New Grad Tools October 21, 2022

By By Tim Fraticelli, Contributor

Top 4 Tips to Ace Your First Allied Travel Job Interview

A career in allied travel comes with a slew of interviews, to the beat of at least one every few months as you change assignments. But regardless of if it’s your first or your fiftieth, a job interview can be unnerving. In this article, I’ll show you a few ways to ace your travel therapy interview the first time.

Interview process

The interview process for a travel job is a bit different from that of a permanent job.

First of all, you aren’t job-hunting on your own. All new job opportunities will come through the recruiter your staffing agency assigned to you. (That’s why it’s a good idea to befriend your recruiter; they can easily scout out opportunities they know you’ll like!)

Once you’ve agreed to an assignment, the recruiter will submit your profile (including your resume, cover letter, and references) to the facility manager, who, if interested, will then contact you for an interview.

Another way the interview process differs is how, unlike with permanent placement, the ball is more in your court than in the facility’s. They’ve already conceded to hiring a temp, so it’s more your time and hassle that’s at stake.

To “ace” your interview, then, is to really know what you’re getting yourself into. Make a good impression—it’s not a shoo-in—but also make sure you get a feel for the job before you upend your life to work it.

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Tips: How to Ace your Allied Travel Interview

1. Do your research!

As with any interview, the time and effort you put into researching the company ahead of time will pay dividends later. I recommend spending 3–5 hours researching the company. Start with their website and read past the home page, taking notes as you go. What’s their philosophy or mission statement? Did they recently expand or merge with another hospital?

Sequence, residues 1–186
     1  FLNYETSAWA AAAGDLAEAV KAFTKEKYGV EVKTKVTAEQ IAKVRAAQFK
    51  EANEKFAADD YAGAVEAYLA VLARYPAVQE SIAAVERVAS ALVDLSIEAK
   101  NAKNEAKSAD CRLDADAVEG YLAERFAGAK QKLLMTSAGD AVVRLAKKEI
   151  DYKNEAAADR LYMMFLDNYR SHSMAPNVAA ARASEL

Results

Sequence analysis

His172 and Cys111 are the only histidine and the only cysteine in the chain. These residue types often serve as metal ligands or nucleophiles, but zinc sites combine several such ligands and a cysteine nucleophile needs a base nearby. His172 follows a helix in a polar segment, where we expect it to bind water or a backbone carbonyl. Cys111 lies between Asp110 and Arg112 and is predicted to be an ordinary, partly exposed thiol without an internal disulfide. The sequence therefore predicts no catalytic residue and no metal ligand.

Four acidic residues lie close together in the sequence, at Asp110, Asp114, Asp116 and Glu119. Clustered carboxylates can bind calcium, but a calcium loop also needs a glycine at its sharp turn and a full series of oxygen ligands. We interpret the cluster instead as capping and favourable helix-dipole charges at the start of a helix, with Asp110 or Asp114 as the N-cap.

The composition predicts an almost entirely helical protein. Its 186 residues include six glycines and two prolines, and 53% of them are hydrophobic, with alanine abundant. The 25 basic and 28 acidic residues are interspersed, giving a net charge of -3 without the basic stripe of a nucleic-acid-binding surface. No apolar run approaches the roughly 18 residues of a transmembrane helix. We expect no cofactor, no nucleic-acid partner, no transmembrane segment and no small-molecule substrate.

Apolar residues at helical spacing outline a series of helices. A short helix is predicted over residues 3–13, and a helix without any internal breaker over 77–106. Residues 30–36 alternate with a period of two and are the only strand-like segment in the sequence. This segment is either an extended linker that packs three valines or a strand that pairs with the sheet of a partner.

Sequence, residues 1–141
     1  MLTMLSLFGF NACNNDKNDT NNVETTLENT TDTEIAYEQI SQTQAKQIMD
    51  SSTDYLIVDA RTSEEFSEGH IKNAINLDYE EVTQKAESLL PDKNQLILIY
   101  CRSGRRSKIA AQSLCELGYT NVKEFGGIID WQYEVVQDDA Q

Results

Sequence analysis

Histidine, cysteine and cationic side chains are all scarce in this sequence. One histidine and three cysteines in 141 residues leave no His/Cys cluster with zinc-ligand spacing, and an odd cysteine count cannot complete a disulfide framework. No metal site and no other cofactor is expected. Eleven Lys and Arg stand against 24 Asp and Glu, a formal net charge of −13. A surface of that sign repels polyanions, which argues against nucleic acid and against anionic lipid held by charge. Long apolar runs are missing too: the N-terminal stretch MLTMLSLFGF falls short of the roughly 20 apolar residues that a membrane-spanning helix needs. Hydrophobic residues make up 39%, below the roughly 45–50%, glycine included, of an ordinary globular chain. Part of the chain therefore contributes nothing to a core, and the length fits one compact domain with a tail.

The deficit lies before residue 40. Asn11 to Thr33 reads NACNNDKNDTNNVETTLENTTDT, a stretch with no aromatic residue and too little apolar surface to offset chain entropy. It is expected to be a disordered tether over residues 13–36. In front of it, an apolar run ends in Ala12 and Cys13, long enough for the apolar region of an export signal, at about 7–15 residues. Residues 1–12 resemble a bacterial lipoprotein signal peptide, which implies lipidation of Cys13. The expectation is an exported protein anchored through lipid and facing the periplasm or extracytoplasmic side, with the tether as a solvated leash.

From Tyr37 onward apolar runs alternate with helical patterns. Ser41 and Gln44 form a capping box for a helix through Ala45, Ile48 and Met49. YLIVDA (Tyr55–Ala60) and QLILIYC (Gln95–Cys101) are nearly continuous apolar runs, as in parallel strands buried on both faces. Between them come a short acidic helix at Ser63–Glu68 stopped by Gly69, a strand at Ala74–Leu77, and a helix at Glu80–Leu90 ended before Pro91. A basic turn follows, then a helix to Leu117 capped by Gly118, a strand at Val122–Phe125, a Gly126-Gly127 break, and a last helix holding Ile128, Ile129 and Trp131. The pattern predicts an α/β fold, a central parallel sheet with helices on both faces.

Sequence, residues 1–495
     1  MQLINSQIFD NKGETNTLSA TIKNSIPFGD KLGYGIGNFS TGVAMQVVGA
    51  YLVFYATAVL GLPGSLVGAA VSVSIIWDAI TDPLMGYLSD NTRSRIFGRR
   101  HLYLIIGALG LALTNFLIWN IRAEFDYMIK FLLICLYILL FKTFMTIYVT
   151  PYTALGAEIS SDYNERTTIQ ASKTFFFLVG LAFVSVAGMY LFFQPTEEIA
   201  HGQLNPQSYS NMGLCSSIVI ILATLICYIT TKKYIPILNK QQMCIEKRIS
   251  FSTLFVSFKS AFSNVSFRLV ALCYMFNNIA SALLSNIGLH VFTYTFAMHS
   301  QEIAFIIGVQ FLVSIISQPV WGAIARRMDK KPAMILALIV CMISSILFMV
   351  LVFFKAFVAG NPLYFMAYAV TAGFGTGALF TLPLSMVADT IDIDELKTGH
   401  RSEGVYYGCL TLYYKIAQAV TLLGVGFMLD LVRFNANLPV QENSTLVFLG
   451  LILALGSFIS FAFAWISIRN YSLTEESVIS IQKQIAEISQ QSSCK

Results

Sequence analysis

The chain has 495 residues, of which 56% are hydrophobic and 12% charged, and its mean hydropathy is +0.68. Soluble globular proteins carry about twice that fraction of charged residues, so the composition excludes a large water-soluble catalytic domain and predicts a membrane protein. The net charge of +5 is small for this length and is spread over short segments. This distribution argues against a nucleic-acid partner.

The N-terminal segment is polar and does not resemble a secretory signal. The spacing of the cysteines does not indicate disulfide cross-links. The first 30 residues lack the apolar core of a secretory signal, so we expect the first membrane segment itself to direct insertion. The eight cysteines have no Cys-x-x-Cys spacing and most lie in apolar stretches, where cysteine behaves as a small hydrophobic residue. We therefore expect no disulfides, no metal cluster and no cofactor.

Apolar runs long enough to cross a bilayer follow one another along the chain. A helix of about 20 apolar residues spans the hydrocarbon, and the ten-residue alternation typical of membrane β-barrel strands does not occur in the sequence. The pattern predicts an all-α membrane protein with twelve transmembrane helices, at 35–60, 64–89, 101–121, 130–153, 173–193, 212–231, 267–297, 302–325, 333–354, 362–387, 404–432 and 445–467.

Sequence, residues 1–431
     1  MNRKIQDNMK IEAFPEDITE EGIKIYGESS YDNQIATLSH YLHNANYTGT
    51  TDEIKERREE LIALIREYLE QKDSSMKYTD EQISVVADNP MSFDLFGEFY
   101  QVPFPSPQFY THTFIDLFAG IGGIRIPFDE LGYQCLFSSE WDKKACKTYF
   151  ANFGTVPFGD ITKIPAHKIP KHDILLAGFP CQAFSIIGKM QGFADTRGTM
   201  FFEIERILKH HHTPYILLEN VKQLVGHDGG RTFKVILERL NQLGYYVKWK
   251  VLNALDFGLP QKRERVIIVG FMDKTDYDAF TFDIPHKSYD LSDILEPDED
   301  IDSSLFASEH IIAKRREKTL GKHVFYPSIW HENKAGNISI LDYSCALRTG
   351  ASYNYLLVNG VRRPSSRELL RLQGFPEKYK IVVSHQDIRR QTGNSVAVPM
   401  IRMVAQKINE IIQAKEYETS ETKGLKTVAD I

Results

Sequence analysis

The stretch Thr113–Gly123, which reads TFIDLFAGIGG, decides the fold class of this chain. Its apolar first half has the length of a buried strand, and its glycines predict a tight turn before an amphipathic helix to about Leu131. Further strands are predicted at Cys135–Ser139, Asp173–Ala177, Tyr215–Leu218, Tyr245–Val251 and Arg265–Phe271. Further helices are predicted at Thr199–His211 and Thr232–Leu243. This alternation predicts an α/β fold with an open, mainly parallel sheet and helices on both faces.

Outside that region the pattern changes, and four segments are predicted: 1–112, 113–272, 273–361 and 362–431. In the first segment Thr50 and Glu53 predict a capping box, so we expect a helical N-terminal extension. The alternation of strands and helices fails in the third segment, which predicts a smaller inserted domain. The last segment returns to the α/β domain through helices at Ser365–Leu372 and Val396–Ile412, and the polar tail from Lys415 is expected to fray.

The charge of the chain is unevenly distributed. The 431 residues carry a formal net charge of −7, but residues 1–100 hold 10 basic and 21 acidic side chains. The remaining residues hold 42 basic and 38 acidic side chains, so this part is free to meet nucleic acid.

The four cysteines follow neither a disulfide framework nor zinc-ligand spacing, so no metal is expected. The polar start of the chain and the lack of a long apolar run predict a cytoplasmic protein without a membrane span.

You can also check websites such as Glassdoor, LinkedIn, or Indeed for insights from current and former employees. Besides reading their job reviews, you may glean insight into company culture and salary estimates. What you learn from your company research can help you prepare intelligent questions to ask them.

2. Prepare for their questions

A successful interview isn’t improvised. Unless you’ve planned some responses ahead of time, you may bumble through your answers, talk too much, or omit important details that could’ve helped you in the interview.

Granted, there should always be some natural spontaneity, so don’t rehearse to the level of becoming robotic. But jot down a few bullet points and examples, and if you’re being interviewed by phone, you can keep your notes nearby for quick access.

Types of Allied Travel Job Interview Questions

Travel job interviews can be brief (sometimes just 10–15 minutes long), with fewer questions than what you’d typically get in a permanent interview. Concise answers are best, and they’re easier to achieve when you’re prepared.

Below are common types of questions you may encounter in your allied travel job interview:

“Tell me about yourself.”

Prepare a short “elevator pitch” of your career path, upbringing, and hobbies or interests.

“Describe your skills and experience”

Show what you bring to the table as a therapist, and include soft skills that are relevant for travelers, such as being a quick study.

“What are your strengths?”

The best way to illustrate any strengths you mention is by sharing an example of how those strengths come into play at work.

“Why do you want to work here?”

When relevant, pull from their website a few key qualities that make this company or facility different from others. Only mention the location as a secondary factor.